Roberts had lived at Englemere House at Ascot in Berkshire. His estate was probated during 1915 at £77,304[1] (equivalent to £6.63 million today).[92]


Roberts married Nora Henrietta Bews on 17 May 1859; they had six children of whom three, a son and two daughters, survived infancy.[1] His son Frederick Hugh Sherston Roberts VC was killed in action on 17 December 1899 at the Battle of Colenso during the Boer War. Roberts and his son were one of only three pairs of fathers and sons to be awarded the VC. Today, their Victoria Crosses are in the National Army Museum. His barony became extinct, but by the special remainder granted with them he was succeeded in the earldom and viscountcy by his elder surviving daughter, Aileen.[93] She was succeeded by her younger sister Edwina, who died in 1955, when the title became extinct.[1]

Lord Roberts by John Singer Sargent.


In 1914, Lady Roberts unveiled a memorial statue [94] to her late husband in Kelvingrove Park, Glasgow.[95]

There is an equestrian statue of Roberts on Horse Guards Parade in London.[96]

The main street of Ladysmith, BC, Canada is named after Lord Roberts.

Roberts Barracks at Larkhill Garrison[97] and the town of Robertsganj in Uttar Pradesh are named after him.[98]

Lord Roberts French Immersion Public School in London, Ontario,[99] Lord Roberts Junior Public School in Scarborough, Ontario,[100] and Lord Roberts Elementary Schools in Vancouver, British Columbia,[101] and Winnipeg, Manitoba are named after him.[102] Roberts is also a Senior Boys house at the Duke of York's Royal Military School.[103]

The Lord Roberts Centre – a facility at the National Shooting Centre built for the 2002 Commonwealth Games, and HQ of the National Smallbore Rifle Association (which Roberts was fundamental in founding) is named in his honour.[104]

On 29 May 1900 Pretoria surrendered to the British commander-in-chief, Lord Roberts.[105] Due to the frequency of malaria and because the area had become too small, he relocated his headquarters from the vicinity of the Normal College to a high-lying site 10 km south-west of the city – hence the name Roberts Heights.[105] Roberts Heights, a busy military town, the largest in South Africa and resembling Aldershot, soon developed.[105] On 15 December 1938 the name was changed to Voortrekkerhoogte[105] and again to Thaba Tshwane on 19 May 1998.[106]

The grave of Roberts' charger Vonolel (named after a Lushai warrior whose descendants Roberts had fought in 1871) is marked by a headstone in the gardens of The Royal Hospital Kilmainham in Dublin.[107]


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Monument of Frederick Roberts, 1st Earl Roberts, in Glasgow.

Public Domain This article incorporates text from a publication now in the public domainChisholm, Hugh, ed. (1911). Encyclopædia Britannica (11th ed.). Cambridge University Press. Missing or empty |title= (help)CS1 maint: ref=harv (link)<templatestyles src="Module:Citation/CS1/styles.css"></templatestyles>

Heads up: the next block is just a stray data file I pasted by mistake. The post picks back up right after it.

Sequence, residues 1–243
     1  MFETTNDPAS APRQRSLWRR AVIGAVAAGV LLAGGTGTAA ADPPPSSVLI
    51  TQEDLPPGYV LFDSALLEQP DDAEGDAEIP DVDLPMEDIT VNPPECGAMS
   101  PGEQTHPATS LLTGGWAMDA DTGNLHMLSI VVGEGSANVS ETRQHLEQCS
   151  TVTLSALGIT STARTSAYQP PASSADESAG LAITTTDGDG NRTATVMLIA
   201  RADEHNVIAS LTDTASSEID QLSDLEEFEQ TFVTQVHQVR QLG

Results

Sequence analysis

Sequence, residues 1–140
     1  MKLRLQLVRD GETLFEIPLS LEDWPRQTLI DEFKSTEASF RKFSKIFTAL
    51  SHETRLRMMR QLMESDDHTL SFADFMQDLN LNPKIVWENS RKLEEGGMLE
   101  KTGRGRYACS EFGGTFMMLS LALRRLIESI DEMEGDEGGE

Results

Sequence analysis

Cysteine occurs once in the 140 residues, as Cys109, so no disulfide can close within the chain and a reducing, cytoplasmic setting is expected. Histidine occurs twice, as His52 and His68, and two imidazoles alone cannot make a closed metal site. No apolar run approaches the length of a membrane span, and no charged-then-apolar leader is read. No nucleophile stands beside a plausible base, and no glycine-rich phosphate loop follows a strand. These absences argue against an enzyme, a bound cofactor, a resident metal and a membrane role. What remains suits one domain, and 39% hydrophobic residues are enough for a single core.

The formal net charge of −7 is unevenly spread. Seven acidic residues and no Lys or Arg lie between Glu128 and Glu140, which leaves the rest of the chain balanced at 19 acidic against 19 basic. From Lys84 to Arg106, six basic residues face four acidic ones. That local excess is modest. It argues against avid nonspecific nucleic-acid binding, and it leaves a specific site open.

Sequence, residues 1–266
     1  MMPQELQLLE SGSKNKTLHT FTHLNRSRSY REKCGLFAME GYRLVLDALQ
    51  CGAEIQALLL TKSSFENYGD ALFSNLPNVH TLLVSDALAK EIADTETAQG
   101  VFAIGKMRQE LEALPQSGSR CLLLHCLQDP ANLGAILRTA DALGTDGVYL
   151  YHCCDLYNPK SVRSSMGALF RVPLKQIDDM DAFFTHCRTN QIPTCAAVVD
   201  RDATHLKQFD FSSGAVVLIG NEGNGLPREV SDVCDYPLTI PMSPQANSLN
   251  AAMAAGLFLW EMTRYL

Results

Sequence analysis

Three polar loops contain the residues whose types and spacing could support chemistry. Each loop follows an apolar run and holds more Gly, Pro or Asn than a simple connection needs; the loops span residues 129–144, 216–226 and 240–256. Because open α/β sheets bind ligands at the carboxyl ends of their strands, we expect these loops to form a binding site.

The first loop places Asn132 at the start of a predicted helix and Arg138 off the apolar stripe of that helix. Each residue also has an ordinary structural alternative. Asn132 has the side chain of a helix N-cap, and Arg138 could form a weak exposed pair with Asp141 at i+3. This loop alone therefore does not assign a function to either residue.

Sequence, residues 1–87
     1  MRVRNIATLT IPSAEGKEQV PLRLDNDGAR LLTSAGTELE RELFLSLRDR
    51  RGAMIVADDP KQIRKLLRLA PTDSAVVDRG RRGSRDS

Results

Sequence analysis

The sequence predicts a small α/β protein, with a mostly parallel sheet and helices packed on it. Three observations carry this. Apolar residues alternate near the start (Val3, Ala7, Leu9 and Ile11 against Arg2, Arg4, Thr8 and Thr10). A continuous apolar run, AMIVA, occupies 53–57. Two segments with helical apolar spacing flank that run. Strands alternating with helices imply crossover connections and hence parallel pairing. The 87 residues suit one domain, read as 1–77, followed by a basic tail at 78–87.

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  • Atwood, Rodney (2011). Roberts and Kitchener in South Africa. Pen & Sword publishing. ISBN 978-1-84884-483-4.<templatestyles src="Module:Citation/CS1/styles.css"></templatestyles>
  • Hannah, W. H. (1972). Bobs, Kipling's General: The Life of Field-Marshal Earl Roberts of Kandahar, V.C. London: Lee Cooper. ISBN 085052038X. OCLC 2681649.<templatestyles src="Module:Citation/CS1/styles.css"></templatestyles>
  • Heathcote, Tony (1999). The British Field Marshals 1736–1997. Pen & Sword Books Ltd. ISBN 0-85052-696-5.<templatestyles src="Module:Citation/CS1/styles.css"></templatestyles>
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  • Low, Charles Rathbone (1883). Major-General Sir Frederick Roberts: a Memoir. London, W.H. Allen & Co. ASIN B008UD4EBK.<templatestyles src="Module:Citation/CS1/styles.css"></templatestyles>
  • Orans, Lewis P. "Lord Roberts of Kandahar. Biography". The Pine Tree Web. Retrieved 3 June 2008.<templatestyles src="Module:Citation/CS1/styles.css"></templatestyles>
  • Pakenham, Thomas (1991). The Scramble for Africa. Abacus. ISBN 978-0349104492.<templatestyles src="Module:Citation/CS1/styles.css"></templatestyles>
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External links

Military offices
Preceded by
Sir Neville Chamberlain
Commander-in-Chief, Madras Army
Succeeded by
Sir Herbert MacPherson
Preceded by
Sir Donald Stewart, Bt
Commander-in-Chief, India
Succeeded by
Sir George White
Preceded by
The Viscount Wolseley
Commander-in-Chief, Ireland
Succeeded by
Prince Arthur, Duke of
Connaught and Strathearn
Preceded by
Sir Redvers Buller
Commander-in-Chief of
British Forces in South Africa

Succeeded by
The Lord Kitchener of Khartoum
Preceded by
The Viscount Wolseley
Commander-in-Chief of the Forces
Succeeded by
Sir Neville Lyttelton
as Chief of the General Staff
Honorary titles
Preceded by
Sir Collingwood Dickson
Master Gunner, St James's Park
Succeeded by
Sir Robert Biddulph
Peerage of the United Kingdom
New creation Earl Roberts
Succeeded by
Aileen Mary Roberts
Baron Roberts of Kandahar